January 8, 2020
At K 2019, Farrel Pomini, a self-described niche player in the plastics compounder market, took a step toward the main stage as it focused on promoting its systems and applications capability rather than a host of new products.
"We're focusing on our applications expertise this year because we want visitors to see the breadth of our experience," said Paul Lloyd, business unit director at the Ansonia, Conn.-based company, during the event in Düsseldorf, Germany.
"Here, on the stand, you can see our exhibits with regard to our expertise in project engineering, line controls and application capabilities, and we're augmenting our core product, the continuous mixer with new project engineering services."
To that end, the company has done a great deal of R&D in order to leverage the benefits of that product — "a high fill rate, a capability to process materials at lower temperature, a capability to deliver a good return on investment based on lower energy input" — into new applications.
These not only include new markets, such as flooring, but also new materials, such as flame retardants.
"What we are really pushing is to link those benefits into the biopolymer and recycling industry," Lloyd said.
The niches the company has traditionally operated in were previously confined to highly filled materials, very temperature-sensitive materials and PVC. The expertise gained in these specialist areas is now proving to be valuable in tackling the challenges that customers face in processing biopolymers and recycled materials.
The focus of the biopolymer work currently is on polylactic acid, as the company has set up a development program with NatureWorks. In the future, other biopolymers will also be studied.
"Our approach when starting something new is to always do so with an industrial partner. Right now that partner for biopolymers is NatureWorks," Lloyd said.
While customers have requested the company to run other biopolymers, working with a customer rather than with a commercial party usually also includes maintaining confidentiality.
"With an industrial partner — a resin producer — we can share the results. That's why our first step is always to find a credible partner in that area," Lloyd said.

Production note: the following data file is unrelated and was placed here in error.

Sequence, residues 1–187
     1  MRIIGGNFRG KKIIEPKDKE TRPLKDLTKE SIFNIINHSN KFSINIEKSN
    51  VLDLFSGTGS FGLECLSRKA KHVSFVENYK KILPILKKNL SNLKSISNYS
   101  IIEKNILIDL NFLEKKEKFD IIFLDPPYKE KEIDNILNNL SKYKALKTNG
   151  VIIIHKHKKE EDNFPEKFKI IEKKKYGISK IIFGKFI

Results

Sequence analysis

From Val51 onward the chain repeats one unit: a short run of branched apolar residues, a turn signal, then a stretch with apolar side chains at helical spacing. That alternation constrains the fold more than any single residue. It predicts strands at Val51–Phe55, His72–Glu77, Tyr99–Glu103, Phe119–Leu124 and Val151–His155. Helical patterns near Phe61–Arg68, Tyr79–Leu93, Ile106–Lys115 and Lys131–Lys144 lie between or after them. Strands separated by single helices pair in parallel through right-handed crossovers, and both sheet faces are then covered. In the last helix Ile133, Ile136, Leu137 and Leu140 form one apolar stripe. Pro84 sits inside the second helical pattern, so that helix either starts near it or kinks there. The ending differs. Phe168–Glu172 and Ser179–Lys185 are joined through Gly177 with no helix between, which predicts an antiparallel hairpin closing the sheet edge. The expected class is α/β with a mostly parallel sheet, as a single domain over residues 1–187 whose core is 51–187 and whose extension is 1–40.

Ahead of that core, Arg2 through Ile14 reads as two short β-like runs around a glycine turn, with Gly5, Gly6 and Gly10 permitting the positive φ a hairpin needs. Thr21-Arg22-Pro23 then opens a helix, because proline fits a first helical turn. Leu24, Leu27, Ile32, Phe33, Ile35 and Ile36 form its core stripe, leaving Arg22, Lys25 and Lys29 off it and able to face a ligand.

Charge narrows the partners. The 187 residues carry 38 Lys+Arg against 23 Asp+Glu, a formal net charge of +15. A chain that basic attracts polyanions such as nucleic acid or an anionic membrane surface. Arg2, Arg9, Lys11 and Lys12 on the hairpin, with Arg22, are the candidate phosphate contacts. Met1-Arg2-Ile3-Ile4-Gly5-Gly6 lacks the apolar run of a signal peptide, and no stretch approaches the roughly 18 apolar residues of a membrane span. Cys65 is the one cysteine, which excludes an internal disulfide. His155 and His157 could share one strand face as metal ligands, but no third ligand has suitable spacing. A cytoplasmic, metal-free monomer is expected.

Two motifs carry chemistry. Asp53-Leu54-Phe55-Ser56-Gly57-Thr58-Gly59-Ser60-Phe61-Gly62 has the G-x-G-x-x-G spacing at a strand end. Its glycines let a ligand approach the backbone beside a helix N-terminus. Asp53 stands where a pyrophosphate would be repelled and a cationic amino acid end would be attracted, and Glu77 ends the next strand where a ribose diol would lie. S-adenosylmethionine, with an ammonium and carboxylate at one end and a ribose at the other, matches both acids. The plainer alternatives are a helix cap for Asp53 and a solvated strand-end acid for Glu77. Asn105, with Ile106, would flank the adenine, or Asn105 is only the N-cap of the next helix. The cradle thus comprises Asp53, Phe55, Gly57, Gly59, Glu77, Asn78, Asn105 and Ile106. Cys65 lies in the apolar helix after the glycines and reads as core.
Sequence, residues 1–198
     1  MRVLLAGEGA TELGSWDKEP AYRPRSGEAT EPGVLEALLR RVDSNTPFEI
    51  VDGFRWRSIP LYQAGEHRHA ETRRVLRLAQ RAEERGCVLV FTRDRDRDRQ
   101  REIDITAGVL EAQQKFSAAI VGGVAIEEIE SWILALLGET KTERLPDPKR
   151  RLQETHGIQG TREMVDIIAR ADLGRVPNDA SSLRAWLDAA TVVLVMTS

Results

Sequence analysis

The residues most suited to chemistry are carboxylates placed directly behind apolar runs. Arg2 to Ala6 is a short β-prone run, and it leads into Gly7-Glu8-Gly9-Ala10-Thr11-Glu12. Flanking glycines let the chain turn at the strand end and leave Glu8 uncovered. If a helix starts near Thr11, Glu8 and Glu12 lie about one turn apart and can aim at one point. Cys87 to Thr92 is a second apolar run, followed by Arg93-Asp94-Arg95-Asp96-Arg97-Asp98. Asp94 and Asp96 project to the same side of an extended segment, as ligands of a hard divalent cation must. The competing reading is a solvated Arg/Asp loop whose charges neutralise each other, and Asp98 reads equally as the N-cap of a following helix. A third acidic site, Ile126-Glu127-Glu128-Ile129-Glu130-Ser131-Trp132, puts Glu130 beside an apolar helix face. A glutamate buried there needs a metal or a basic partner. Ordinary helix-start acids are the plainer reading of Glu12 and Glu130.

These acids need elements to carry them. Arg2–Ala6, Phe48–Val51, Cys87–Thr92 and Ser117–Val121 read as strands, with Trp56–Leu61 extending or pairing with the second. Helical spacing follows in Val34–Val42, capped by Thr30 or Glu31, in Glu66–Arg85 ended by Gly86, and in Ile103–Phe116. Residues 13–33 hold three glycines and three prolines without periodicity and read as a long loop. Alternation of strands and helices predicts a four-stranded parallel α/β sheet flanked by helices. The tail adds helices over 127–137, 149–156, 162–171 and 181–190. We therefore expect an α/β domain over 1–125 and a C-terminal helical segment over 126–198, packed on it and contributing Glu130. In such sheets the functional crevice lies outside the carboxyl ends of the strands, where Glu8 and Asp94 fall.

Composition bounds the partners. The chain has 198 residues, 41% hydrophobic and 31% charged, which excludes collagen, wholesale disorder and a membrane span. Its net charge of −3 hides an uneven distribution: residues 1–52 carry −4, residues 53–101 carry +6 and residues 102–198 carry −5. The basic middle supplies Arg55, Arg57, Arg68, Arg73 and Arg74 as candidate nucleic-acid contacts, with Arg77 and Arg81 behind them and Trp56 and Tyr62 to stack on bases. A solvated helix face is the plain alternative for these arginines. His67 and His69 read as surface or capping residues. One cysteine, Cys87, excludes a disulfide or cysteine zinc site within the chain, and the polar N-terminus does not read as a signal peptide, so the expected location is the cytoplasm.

Leveraging the capability of its continuous mixing technology, a significantly lower molecular weight degradation in the PLA materials was achieved, Lloyd said, something that NatureWorks has documented.
"This is especially important when people are moving into next-generation compounds with PLA, looking to fill the material with, for example, talc," he said.
The other important area of focus is recycling, where the product offers two big benefits.
"First, based on the free volume of the chamber and surface area of the rotors the machine is very able to get recycled product into the machine." In other words, if the flake sizes are larger or less regular, the machine can nonetheless handle these "very well."
The second benefit is again related to the temperature.
"Because of the capability to operate at a lower temperature, we see less damage to the polymer and a less aggressive second heat history on the polymer," Lloyd explained.
The company's partner in the recycling area is the University of Massachusetts Lowell, to whom it also donated a lab-sized machine for students to work with.
Another area of expertise developed by the company is in the area of digitalization. While Farrel Pomini have been developing traditional 4.0 capabilities for some time, the company is now working on newer technologies using augmented reality.
"With augmented reality, we are moving at the pace of technology or we may even be ahead," Lloyd said. "But we are running up against hardware challenges: Among other things, the headsets are not comfortable. No solution is particularly perfect at this time."
However, the company is finding it challenging to make it commercially viable. According to Lloyd, the plan is to start with some basic applications, even though the technology to go further in that area is available.
"Things like using an iPad to find a component instead of having to read a manual or go to a website," he explained.
All in all, he concluded, it's a challenging time to be in the plastics area; but at the same time, it offers opportunities.
"Consumers may be outraged, but they realize that something needs to happen. Now is a good time to drive changes through," Lloyd said. "We can demonstrate that we are more than just a machinery manufacturer and take this chance to position ourselves as a solution provider, which we are."
'We can demonstrate that we are more than just a machinery manufacturer and take this chance to position ourselves as a solution provider, which we are.'